In 2021, California-based Co launch Natural World — its first regenerative collection. Los Angeles dress label Christy Dawn has embraced the practice after years of hanging its sustainability hat on sourcing from deadstock material.
“For the first five years of our brand, we were super proud that we haven’t been part of the problem,” Aras Baskauskas, Christy Dawn’s CEO and winner of the 12th season of the CBS reality show, Survivor told Vogue in 2020. He’s talking about the deadstock materials the brand historically relied on for its products. “But it weighed on us that we weren’t part of the solution, either.” That led Christy Dawn to invest in sourcing regenerative agriculture materials in addition to its use of deadstock.
Deadstock is also a buzzy word, especially as luxury fashion brands increase their reliance on it in order to reduce waste. While it promotes a circular economy, it doesn’t address the material problem if deadstock includes plastic-based materials such as polyester, which contribute to ocean pollution, among other issues. Deadstock is a stop-gap in the fashion industry’s addled value chain, but it’s not a long-term solution.
The regenerative fashion shift
Regenerative agriculture might be the solution, though. Organic agriculture, particularly in India’s cotton industry, has come under scrutiny over fraudulent certifying agencies and verifications. Regenerative agriculture is proving to be a viable solution there, too. The problem with fake organic cotton also speaks to the issue of mass production, arguably fashion’s biggest challenge. For brands like Co and Christy Dawn, capsule collections are the norm. And that lends itself to more controlled value chains. It’s where regenerative agriculture farmers can flourish.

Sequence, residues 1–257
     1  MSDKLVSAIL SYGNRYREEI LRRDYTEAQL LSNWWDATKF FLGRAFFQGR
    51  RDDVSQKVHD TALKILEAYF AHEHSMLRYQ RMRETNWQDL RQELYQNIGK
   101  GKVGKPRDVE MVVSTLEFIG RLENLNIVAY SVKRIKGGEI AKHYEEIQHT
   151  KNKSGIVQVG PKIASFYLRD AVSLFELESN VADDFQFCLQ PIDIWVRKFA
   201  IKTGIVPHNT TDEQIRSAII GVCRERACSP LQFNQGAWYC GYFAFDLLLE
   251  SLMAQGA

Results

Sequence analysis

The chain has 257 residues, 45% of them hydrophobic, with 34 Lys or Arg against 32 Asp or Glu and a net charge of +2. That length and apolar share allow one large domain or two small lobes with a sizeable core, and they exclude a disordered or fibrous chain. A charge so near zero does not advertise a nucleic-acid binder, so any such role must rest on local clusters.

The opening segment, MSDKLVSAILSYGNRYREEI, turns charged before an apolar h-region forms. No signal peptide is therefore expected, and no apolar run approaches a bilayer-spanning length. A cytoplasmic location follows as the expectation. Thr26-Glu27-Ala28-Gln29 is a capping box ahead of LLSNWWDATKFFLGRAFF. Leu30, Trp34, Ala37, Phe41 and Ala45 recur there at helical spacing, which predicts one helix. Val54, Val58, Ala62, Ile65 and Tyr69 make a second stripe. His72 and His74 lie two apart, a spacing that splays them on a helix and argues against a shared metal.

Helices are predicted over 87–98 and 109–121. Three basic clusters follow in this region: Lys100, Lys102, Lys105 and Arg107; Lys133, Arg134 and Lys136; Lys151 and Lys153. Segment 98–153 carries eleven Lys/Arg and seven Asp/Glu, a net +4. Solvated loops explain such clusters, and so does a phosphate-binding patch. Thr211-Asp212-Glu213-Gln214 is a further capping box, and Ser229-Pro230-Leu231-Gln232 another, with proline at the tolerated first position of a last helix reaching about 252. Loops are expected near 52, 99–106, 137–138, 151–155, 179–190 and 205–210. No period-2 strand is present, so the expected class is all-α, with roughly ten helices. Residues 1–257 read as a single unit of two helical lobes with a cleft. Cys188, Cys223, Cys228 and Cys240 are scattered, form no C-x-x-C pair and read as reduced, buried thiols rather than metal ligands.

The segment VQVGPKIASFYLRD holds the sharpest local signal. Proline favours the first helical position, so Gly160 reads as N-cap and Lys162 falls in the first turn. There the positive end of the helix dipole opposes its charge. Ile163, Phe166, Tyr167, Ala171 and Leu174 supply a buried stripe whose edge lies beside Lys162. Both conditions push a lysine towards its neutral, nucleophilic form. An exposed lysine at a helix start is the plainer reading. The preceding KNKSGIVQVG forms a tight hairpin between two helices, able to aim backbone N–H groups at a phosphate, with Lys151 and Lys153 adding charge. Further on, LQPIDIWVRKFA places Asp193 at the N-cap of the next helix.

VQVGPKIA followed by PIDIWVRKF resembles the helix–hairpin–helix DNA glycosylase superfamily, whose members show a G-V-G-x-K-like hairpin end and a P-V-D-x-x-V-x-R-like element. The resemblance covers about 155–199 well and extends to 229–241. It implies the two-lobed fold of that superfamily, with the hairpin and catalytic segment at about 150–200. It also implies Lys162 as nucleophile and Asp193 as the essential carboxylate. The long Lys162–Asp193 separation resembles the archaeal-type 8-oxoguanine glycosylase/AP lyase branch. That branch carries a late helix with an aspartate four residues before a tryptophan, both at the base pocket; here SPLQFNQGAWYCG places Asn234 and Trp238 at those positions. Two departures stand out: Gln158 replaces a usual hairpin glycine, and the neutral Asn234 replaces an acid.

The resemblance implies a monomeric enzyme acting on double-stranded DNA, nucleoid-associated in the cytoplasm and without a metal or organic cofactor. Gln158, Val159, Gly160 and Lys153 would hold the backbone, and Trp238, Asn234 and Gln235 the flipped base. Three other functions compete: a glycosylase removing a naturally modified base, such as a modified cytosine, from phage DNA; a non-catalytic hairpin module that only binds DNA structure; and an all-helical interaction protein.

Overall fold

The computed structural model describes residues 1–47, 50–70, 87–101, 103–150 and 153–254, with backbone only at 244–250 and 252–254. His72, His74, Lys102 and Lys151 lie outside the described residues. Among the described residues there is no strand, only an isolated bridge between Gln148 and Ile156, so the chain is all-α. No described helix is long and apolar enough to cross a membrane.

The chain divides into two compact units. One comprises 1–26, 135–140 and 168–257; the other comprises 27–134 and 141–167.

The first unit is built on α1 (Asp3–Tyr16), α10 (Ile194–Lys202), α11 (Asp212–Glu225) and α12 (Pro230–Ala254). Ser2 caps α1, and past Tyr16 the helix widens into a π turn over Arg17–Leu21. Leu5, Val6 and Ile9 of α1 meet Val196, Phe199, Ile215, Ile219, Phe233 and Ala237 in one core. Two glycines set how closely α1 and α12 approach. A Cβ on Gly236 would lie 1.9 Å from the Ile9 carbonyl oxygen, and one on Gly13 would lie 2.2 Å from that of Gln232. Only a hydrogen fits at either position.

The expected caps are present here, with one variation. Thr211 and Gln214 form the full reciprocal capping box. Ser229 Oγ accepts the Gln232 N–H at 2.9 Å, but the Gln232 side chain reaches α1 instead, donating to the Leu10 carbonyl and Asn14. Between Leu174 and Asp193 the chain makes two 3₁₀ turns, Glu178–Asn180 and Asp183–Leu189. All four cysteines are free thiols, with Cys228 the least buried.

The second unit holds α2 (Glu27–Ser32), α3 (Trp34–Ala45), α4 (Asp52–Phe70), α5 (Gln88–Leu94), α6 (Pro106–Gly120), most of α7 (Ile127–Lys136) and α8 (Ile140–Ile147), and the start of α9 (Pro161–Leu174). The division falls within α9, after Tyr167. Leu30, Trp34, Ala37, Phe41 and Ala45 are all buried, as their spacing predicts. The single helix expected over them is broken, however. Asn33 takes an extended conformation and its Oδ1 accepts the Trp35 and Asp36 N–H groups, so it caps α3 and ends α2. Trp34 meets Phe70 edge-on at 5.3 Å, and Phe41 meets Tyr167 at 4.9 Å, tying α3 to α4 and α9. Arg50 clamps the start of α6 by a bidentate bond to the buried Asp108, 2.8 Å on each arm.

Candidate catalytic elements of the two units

“Land to Market is committed to improving the entire ecosystem with regenerative agriculture, which provides benefits for the soil, water, air and animals,” said Chris Kerston, co-leader of Land to Market. “Humanity can only reach critical climate goals with bold action and partnership with the business community.”
Savory Institute says it’s building more than just a better agricultural system; it’s “giving a voice to the land.”
“This isn’t big enough to change the whole world, but it’s big enough to change our own world,” Baskauskas said. “And it’s big enough that if we do it really well and get the right people writing about it, much bigger brands will jump on board, and consumers will demand it.”
Also leading the charge is Textile Exchange, which counts Kering, J.Crew and Madewell, among its partners. In July, it introduced a fresh framework mapping out various indicators to analyze and assess regenerative agriculture initiatives.
Textile Exchange says real regenerative agriculture is a localized, results-driven system strategy, not a ‘one-size-fits-all’ roster of methods. The organization is on a mission to retain the core essence of regenerative agriculture as the fashion industry embraces it. By offering a range of indicators tailored to distinct regions and farm types, it seeks to uphold the “context-based nature of regenerative agriculture”, while establishing a pathway for continuous development and thorough documentation of the progress.
“The Regenerative Agriculture Outcome Framework addresses several important gaps across the industry, most notably the need for a centralized reference point on what it means for a regenerative program to truly be inclusive of outcomes and not just practices,” Beth Jensen, director of impact for the Climate+ strategy at Textile Exchange, told Vogue Business.
She says it also addresses the need to standardize how outcomes are measured, as well as “the need for a researched set of outcomes to use in the Textile Exchange unified standard, which seeks to more directly link practices to outcomes.” Brands also need to be able to explore different types of regenerative agriculture projects that best suit their needs.
According to Textile Exchange, the framework “answers the call for the industry to take an approach that includes the development of equitable partnerships with farming communities.” And that’s critical to removing the pressure from the producers alone, it says. “We believe that creating further alignment on which indicators to track, and laying some initial groundwork on how this might be done, is a critical step to speed progress on regenerative agriculture in a way that supports farm communities.”